Do you think pop music reflected the social-economic climate?
Definitely, the ’80s for musicians — you can’t get away with it now, you just can’t — were the coke days. And you can hear that in the music as well. There’s no bass in ’80s music. It’s all treble and that’s ’cause they were all taking loads of coke. Coke makes people want things really, really, really high frequency — ‘turn up the treble, let’s do another line.’ I think artists were having a lot of fun then and you can tell that in the music. I know a lot of it wasn’t written by them, and that is the ideal way music is written, but there’s a lot of really good one hit wonders in the ’80s and nowadays you can’t even get a good genuine artist, let a lone a good one hit wonder. Music was so much more epic in the ’80s.
Do you think that’s because so much music nowadays is consumed on digital platforms, like ringtones and mobile phones?
I don’t know. I think you kind of have to ignore that in a way. If you start thinking about that you just have to make music in whatever way you’re comfortable making music and make it sound as good as you possible can. We listen to music as I think most people who make music do: on a radio, on our laptop speakers, in our cars or on our iPod headphones. We would never mix or produce to fit those technologies or those ways of listening to things but you do sound check things… You just have to make the record sound as good as you possibly can until you’re happy with it.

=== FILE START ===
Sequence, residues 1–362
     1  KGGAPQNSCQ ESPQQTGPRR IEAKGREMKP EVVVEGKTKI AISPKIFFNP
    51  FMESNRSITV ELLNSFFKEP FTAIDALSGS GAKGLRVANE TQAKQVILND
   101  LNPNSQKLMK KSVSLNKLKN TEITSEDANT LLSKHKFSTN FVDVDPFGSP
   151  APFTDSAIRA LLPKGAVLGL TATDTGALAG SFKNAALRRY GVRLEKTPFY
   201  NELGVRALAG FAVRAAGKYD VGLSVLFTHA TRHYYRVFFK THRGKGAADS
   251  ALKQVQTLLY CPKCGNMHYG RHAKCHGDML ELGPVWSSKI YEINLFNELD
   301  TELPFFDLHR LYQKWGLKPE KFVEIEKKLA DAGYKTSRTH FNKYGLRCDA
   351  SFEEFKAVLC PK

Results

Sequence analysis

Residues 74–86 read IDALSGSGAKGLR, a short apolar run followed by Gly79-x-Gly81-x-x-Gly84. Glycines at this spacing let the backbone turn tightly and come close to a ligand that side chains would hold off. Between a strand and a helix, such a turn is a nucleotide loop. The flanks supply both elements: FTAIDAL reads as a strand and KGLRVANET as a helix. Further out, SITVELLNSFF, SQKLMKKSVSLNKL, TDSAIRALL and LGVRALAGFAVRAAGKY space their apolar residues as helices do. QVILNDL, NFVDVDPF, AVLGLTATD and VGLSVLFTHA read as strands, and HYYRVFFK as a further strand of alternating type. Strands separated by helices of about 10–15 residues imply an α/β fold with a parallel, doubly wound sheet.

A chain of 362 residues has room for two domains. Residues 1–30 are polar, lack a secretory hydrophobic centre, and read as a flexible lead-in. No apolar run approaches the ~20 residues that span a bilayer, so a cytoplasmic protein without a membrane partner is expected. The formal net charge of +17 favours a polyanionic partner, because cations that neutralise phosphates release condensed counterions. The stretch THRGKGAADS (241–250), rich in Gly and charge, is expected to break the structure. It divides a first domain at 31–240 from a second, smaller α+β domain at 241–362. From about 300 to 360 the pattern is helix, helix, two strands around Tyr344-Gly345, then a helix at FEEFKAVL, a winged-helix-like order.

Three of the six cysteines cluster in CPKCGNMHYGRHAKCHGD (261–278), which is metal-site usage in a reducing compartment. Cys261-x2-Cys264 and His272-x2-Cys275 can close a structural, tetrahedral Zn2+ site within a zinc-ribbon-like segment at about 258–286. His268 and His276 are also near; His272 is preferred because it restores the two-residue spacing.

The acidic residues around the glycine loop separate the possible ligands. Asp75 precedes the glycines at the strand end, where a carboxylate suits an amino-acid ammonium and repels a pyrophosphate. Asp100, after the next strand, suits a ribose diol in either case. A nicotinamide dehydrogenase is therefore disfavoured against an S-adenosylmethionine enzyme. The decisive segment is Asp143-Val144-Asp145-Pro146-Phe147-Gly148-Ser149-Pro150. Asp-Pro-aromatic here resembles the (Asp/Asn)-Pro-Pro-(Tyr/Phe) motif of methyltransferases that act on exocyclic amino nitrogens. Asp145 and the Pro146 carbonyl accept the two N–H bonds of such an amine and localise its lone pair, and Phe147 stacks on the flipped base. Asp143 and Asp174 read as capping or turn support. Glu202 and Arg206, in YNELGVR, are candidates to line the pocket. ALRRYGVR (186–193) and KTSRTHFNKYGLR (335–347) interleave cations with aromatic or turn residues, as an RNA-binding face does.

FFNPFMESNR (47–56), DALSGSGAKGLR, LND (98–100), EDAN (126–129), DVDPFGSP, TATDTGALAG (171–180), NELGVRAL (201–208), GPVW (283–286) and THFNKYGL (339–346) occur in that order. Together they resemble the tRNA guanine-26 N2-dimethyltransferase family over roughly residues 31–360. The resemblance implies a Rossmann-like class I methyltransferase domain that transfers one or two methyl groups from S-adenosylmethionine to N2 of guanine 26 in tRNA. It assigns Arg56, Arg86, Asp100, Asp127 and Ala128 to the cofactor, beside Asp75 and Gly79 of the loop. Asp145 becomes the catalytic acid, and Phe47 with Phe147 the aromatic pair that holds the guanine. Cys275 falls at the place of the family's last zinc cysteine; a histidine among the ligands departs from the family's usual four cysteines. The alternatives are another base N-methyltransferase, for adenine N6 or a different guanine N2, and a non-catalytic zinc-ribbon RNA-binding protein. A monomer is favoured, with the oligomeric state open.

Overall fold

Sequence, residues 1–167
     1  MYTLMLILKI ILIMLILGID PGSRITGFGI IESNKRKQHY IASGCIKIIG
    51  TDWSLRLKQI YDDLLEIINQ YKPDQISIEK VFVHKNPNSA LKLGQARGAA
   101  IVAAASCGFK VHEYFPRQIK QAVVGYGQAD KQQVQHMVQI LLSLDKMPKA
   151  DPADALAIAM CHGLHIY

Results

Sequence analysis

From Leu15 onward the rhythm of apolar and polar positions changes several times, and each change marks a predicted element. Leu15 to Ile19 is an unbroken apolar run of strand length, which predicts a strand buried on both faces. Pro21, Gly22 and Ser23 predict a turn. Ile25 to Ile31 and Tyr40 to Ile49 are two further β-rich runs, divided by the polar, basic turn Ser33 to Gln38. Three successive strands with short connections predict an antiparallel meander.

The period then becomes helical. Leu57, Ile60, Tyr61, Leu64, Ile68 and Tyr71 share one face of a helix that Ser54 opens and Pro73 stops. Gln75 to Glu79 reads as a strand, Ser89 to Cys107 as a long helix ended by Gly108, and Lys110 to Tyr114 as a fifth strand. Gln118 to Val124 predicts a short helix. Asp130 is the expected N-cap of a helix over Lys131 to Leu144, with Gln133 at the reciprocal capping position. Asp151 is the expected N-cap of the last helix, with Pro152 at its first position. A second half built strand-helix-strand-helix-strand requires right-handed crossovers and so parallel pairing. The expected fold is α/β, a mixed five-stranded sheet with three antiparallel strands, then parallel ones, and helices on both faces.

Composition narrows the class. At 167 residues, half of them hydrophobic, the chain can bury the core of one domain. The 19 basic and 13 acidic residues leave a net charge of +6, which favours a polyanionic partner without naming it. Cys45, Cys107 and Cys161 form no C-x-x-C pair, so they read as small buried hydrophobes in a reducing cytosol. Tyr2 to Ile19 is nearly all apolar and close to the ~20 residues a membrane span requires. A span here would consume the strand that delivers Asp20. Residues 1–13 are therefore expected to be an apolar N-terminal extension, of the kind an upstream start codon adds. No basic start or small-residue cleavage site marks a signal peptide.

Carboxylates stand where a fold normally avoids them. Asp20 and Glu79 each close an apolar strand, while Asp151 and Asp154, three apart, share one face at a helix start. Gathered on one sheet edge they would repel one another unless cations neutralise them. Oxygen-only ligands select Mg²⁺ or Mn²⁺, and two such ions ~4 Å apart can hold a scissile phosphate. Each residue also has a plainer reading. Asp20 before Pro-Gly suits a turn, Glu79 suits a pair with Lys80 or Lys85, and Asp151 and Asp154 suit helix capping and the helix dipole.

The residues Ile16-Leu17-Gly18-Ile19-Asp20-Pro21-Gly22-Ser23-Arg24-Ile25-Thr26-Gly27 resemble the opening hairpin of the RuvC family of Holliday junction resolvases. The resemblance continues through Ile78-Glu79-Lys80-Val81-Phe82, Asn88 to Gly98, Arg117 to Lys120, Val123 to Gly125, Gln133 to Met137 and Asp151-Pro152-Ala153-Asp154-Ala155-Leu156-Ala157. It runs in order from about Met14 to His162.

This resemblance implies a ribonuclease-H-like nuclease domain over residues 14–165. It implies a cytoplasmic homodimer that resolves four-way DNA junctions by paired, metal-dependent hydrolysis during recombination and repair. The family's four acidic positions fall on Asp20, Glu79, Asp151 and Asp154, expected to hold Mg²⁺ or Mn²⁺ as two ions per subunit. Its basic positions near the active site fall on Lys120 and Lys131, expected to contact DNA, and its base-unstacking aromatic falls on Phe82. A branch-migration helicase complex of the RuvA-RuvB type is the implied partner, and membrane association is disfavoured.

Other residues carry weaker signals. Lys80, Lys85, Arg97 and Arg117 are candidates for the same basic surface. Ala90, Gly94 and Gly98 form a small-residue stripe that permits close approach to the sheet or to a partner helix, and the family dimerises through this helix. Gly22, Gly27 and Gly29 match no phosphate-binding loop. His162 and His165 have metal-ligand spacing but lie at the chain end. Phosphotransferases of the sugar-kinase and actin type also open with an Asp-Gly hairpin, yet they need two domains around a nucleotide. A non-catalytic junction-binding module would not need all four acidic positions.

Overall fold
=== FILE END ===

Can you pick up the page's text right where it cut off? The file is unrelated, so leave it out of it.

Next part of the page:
La Roux’s April 2009 Tour Dates:
April 3 – Brooklyn @ Studio B w/ DJ Ayres, Nick Catchdubs & DJ Lindsey
April 4 – Montreal @ Les Saints
April 5 – Toronto @ The Drake w/ Sticky Fingers DJs
April 9 – San Francisco @ Popscene (330 Ritch)
April 12 – Los Angeles @ The Roxy Theatre